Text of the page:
At 23, he married Agnes in absentia, certifying an arranged union, albeit not one of love and passion. In some letters, Durer made it clear that he didn't fancy his wife much, calling her names and vulgar remarks.
One of the interesting facts about Albrecht Durer is that his loveless marriage to Agnes produced no children, forever ending his bloodline. So it was no shocker that Albrecht made his first trip to Italy not long after he was married. There, he learned skills in German-styled drypoints and designed woodcuts.
Upon his return to Nuremberg in 1495, he opened his art workshop, affording him the time and space to explore his art while incorporating Italian influences. From here on, he studied religious and circular themes with paintings such as The Men's Bath House (ca. 1496), Adam and Eve (1504), Nemesis (1502), etc.
As he explored various mediums from 1507, especially as a woodcutter and painter, Albrecht Durer's life story began to take shape. His reputation spread throughout Europe and landed him within the sights of Maximilian The First.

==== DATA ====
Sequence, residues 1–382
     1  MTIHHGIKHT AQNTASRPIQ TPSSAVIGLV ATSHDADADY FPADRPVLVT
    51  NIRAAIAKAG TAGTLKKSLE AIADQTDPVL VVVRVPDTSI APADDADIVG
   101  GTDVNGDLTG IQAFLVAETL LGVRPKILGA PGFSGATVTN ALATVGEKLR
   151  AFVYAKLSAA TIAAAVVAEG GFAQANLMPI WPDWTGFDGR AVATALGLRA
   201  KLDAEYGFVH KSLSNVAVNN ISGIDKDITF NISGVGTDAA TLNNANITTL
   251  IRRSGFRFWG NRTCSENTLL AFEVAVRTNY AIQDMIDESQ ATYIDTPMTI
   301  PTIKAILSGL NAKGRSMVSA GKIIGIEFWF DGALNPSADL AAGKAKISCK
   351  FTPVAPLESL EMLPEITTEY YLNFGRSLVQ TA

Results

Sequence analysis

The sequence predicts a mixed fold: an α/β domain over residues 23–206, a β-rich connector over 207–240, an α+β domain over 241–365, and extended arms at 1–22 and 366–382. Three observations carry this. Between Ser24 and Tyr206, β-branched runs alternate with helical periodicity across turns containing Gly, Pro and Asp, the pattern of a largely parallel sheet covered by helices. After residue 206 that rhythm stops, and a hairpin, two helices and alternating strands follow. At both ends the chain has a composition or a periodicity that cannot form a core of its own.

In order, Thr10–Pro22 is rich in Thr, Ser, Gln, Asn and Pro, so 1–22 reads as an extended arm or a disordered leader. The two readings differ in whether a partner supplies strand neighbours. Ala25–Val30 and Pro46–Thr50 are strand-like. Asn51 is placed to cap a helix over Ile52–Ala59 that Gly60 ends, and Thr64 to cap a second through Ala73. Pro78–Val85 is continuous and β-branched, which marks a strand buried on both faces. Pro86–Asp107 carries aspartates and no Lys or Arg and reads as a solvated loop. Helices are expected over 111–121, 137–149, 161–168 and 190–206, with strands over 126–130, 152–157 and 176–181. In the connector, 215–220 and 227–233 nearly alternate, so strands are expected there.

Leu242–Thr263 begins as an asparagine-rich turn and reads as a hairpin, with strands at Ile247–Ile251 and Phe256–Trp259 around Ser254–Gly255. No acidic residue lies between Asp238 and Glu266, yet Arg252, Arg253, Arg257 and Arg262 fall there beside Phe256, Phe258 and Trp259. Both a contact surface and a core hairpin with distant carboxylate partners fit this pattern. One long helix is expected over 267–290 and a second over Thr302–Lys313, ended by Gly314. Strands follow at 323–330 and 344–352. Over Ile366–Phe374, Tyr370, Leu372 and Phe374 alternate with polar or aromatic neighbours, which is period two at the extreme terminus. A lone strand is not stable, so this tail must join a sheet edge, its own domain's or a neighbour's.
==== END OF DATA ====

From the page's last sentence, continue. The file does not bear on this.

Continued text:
Albrecht Durer and the Emperor's Relationship
The Portrait of the Emperor is a product of Albrecht Durer and Maximilian's meeting in 1512. Six years later, in 1518, the Emperor called the artist to his castle to portray him in a painting. Durer met the royal dignitary in his palace and made a sketch he'll use to model the final piece.
Albrecht Durer completed the oil panel painting in 1519 with exciting variations to the initial sketch. Unfortunately, Emperor Maximilian died before the completed project and couldn't see the beautiful portrait of himself before passing away.